|Can a strong case be made for Keselowski to win Sprint Cup?|
Six-time Sprint Cup champ Jimmie Johnson is still listed as the favorite at 3-to-1 odds, because, well, he’s the defending champ and is also tied with Brad Keselowski for the series lead with three wins. Johnson won three races in a four-race stretch, beginning in Charlotte on May 25 and ending in Michigan on June 15, but has been followed by Keselowski taking two of the last three for Penske Racing and Ford.
Keselowski, the 2012 Sprint cup winner, is listed as the third-choice on the LVH’s futures board, at 6-to-1 odds, to have the best finish among the final four drivers in the Chase at Homestead Speedway on November 16. He is tied with Dale Earnhardt Jr. for the most top-five finishes this season with nine and also has two wins on the five 1.5-mile tracks run on already.
It’s important to note who has been the best on 1.5s, simply because five of the 10 Chase races are on those types of ovals – all with varying degrees of banking. Keselowski, along with teammate Joey Logano (Texas winner), have had the most consistent car balance and set-ups among the five 1.5s so far. They found a way to roll through the corners faster than most, and they're not sharing that knowledge with anyone.
Johnson’s Charlotte win was huge for team morale, as it showed everyone involved that they were headed in the right direction on the 1.5s. Johnson also won on the big horsepower, 2-mile track at Michigan for the first time ever.
The big obstacle to a title, besides trying to advance through each round of the Chase, is performing well at Homestead in the finale, something Johnson never really had to do. He’s never won there, but has been runner-up twice. Chances are he’ll be one of the four drivers in the finale. But can he go out and finish better than his opponents, especially if one or two of them is a Penske car? Maybe, but I personally need better than 3-to-1 to entice me to back him at the bet window.
I always try to make a case for someone other than Johnson to win the title. I may overthink this process, as I look beyond Johnson's steady qualities – he has the most complete team in the series, an all-business attitude, and he stays cool under pressure. I was on Johnson in 2006 for his first title, and caught on late last season, but there have been four other failed cases when I’ve gone against the No. 48 team.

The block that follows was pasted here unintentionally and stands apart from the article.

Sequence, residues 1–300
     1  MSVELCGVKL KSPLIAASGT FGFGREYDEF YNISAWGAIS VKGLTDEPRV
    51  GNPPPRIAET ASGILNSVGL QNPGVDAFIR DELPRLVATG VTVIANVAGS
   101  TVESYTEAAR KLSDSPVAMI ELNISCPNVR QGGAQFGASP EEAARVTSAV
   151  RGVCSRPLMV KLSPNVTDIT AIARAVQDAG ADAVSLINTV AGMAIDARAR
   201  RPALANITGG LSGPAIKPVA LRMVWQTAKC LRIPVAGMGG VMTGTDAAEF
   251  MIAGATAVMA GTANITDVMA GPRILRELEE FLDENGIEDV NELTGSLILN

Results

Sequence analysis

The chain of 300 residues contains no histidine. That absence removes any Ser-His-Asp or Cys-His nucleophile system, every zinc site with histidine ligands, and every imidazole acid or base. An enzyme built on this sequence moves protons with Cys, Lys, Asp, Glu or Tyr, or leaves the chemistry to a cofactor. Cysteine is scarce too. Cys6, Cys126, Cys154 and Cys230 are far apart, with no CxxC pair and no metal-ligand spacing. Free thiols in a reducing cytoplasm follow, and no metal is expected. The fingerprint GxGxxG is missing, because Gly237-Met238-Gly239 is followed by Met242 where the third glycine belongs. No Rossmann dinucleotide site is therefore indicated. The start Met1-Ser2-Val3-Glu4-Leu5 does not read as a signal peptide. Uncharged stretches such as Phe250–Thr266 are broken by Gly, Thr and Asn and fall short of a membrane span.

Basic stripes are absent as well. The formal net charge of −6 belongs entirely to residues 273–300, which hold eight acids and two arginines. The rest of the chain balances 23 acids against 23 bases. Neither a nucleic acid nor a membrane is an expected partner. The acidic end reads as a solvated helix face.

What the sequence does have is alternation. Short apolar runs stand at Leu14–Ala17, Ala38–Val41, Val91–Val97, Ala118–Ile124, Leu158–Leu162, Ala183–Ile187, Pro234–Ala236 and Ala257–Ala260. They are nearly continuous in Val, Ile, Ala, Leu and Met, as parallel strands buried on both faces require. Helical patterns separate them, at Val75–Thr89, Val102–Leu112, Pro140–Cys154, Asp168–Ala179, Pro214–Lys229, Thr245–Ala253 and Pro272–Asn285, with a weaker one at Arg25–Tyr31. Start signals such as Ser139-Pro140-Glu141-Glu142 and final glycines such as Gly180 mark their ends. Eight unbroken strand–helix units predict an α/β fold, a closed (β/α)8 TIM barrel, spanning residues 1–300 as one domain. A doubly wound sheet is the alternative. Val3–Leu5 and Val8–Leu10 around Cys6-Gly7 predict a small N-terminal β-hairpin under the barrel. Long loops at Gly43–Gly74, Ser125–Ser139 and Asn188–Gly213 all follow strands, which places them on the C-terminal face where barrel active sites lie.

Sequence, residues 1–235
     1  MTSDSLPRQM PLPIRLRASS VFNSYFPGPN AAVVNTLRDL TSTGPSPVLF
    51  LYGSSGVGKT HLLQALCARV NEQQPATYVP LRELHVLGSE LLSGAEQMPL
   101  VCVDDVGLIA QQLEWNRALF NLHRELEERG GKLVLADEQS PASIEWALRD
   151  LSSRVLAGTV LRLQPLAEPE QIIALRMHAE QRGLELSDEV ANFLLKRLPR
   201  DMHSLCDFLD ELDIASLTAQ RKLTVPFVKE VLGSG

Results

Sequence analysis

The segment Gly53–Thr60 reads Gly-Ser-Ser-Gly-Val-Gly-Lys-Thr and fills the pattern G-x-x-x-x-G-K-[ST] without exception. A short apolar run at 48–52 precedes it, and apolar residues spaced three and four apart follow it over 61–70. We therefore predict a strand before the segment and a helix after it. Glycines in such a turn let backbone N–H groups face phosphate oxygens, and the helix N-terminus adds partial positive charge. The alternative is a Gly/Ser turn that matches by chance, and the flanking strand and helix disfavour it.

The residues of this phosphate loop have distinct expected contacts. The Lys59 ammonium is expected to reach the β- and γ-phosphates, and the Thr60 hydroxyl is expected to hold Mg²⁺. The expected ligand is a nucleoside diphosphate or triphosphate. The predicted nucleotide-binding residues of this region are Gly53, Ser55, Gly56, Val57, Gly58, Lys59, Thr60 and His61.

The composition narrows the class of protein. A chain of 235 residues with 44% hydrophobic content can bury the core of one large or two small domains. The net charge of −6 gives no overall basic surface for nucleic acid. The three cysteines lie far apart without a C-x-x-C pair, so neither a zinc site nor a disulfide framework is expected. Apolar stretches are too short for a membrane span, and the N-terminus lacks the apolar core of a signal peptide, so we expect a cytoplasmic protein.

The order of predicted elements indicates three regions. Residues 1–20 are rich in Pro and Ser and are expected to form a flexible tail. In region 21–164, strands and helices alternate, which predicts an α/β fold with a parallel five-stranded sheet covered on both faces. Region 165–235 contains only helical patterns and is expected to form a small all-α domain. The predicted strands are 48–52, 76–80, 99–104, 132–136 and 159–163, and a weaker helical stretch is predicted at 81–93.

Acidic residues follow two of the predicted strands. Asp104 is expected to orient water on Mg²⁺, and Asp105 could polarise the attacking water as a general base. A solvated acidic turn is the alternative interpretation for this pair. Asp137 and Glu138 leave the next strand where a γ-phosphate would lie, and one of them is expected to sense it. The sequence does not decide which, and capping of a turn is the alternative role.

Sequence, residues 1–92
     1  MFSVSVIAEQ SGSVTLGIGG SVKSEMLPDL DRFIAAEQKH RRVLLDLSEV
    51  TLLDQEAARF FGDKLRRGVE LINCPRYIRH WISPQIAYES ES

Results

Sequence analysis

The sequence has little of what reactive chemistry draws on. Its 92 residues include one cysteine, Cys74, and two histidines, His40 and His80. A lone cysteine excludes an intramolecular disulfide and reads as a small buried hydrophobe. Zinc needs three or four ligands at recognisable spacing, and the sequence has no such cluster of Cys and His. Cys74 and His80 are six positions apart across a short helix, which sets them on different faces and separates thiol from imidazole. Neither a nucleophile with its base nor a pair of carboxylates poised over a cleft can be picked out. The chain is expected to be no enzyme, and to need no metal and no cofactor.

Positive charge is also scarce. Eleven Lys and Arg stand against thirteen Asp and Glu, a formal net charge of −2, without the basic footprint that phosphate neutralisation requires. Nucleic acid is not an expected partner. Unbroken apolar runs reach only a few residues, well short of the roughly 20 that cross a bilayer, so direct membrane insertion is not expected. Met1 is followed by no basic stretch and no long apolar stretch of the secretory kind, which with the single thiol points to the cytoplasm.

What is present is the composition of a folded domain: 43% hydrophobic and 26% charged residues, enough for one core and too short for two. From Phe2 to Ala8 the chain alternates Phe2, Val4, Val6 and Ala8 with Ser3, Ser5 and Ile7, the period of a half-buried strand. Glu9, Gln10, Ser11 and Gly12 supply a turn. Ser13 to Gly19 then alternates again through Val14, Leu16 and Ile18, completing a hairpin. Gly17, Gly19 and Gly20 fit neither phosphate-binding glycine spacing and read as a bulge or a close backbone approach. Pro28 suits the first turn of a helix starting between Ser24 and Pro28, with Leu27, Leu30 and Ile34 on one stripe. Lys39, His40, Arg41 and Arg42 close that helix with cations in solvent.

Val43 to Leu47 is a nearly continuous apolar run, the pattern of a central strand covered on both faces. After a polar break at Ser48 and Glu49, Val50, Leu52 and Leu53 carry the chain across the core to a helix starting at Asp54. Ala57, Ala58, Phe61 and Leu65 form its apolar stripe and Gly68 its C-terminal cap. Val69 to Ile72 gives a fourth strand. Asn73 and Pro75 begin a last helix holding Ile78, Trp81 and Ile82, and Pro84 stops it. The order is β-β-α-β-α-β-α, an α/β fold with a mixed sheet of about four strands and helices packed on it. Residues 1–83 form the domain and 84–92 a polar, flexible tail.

Is it too early to say the Penske cars will have an edge in many of the Chase races? Or does the value of Keselowski at 6-to-1 and Logano at 12-to-1 make a case for a wager on them?
This is a new format, and who knows what to expect. While dissecting future 1.5-mile tracks in the Chase and looking for who might be the best suited for them, let’s remember that Dale Earnhardt Jr. didn’t win a single Chase race last season and he would have still won the title based on the new rules.
Junior has garnered plenty of respect from the sports books this year and comes in as a quality contender at 8-to-1, which is a pretty large number considering the risk most books have with him. His success this season has translated into more bets than usual for NASCAR’s most popular driver. Last season he had a career best third-place finish at Homestead, better than the three drivers who would have been competing against him under this year’s rules.
If using the 1.5-mile method of finding a Chase winner outside of Johnson, his teammate Jeff Gordon is a nice choice at 7-to-1. He’s finished ninth or better on those types of tracks so far, including his only win of the season at Kansas in early May. The last of his four Sprint Cup titles came in 2001.
With back pains that continue to plague him, who knows how long Gordon will keep driving full-time. If it comes down to a final-four driver pool that includes Gordon and Junior, we might be surprised how many people actually pull for Gordon, now one of the older guys who has paid his dues after years of razzing by the fans.
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